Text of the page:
Spain: Isaías Táboas resigned late in February as president of the national operator Renfe. The Spanish secretary of state for transport, Isabel Pardo de Vera, who previously served as president of infrastructure operator Adif, stepped down along with him. Their posts have been taken over by Raul Blanco and David Lucas. Earlier, Adif’s head of track inspection and technology and Renfe’s manager were dismissed at the request of the Ministry of Transport.
The series of resignations followed reports in the Spanish media that CAF, which won the contract to produce the trains and spotted an error in the specifications from Renfe. The operator ordered 31 narrow-gauge (1,000 mm) trains for €258 mln in 2020 for transportation in the provinces of Cantabria and Asturias within the FEVE service. The dimensions indicated in the specifications not allowed the passing of vehicles through a number of tunnels.
Renfe assured that this data was taken from the documentation of the infrastructure operator Adif. The latter said in its turn that it had nothing to do with the information provided by CAF. Meanwhile, the Spanish newspaper El Español claims that the error is due to Renfe’s misinterpretation of the network statement prepared by Adif.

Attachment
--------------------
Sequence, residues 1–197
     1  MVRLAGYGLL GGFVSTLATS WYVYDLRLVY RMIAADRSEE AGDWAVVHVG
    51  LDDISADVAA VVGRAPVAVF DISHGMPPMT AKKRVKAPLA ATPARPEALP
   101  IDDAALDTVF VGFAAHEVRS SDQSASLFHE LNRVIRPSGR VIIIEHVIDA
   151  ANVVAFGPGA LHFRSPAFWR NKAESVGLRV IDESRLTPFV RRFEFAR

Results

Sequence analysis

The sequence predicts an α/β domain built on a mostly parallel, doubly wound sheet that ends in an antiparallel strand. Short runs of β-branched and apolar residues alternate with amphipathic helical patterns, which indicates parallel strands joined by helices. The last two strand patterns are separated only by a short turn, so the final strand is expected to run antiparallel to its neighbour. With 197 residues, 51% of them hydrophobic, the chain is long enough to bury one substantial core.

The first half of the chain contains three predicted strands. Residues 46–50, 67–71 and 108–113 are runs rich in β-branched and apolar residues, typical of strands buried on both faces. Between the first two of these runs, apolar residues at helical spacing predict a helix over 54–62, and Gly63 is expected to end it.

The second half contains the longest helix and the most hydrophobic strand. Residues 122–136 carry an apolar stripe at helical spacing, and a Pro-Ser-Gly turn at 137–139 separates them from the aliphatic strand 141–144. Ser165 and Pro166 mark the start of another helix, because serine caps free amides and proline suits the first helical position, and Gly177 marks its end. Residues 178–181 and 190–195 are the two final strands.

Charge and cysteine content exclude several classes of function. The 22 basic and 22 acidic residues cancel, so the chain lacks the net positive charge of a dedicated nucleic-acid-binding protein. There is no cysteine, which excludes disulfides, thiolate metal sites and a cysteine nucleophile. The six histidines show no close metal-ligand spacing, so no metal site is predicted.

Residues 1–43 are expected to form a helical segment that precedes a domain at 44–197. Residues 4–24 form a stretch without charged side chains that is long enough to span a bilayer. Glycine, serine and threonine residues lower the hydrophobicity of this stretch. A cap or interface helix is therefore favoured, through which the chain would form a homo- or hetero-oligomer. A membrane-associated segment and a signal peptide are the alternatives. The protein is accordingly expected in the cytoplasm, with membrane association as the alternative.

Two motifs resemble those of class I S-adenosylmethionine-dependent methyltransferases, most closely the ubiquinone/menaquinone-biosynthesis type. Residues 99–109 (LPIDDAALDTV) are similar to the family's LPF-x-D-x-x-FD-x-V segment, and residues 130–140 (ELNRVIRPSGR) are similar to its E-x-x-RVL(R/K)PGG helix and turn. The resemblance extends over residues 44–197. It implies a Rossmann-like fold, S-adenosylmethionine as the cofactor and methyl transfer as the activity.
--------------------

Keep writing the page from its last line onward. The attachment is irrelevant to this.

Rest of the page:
The presidents of Cantabria and Asturias, Miguel Ángel Revilla and Adrian Barbon, demanded accountability and compensation from the federal authorities. In response, the national government promised residents of these provinces to extend free pass on the FEVE and Renfe trains until 2026. The Spanish Ministry of Transport has also now commissioned an internal audit to try to identify thе responsible for the error.
It is worth noting that CAF reported Renfe on the error back in March 2021. But the operator’s management concealed this fact from the public and from the Ministry of Transport for almost two years. In October of that year, experts from the state railway safety agency, Renfe and Adif agreed on a solution to the problem. It was decided to design trains according to the “comparative approach”. However, the regulations for this method were never drafted over the next year and a half and the development of rolling stock was put on hold.
This February the Spanish Ministry of Transport approved new regulations authorising the “comparative approach” for train design. The method is based on the use of existing trains as reference and is applied in a number of EU countries (European standard EN-15273), but was not present in the Spanish regulations.
Spanish Transport Minister Raquel Sanchez promised at a meeting with provincial representatives that the development of the new trains will be completed this summer. While CAF will start producing them late in 2023 or early in 2024. The first trains are scheduled to be delivered early in 2026, although previously it was expected that the first ones would be ready by autumn 2024. It was also decided to order 7 additional trains from the option, thus increasing their number to 38 vehicles.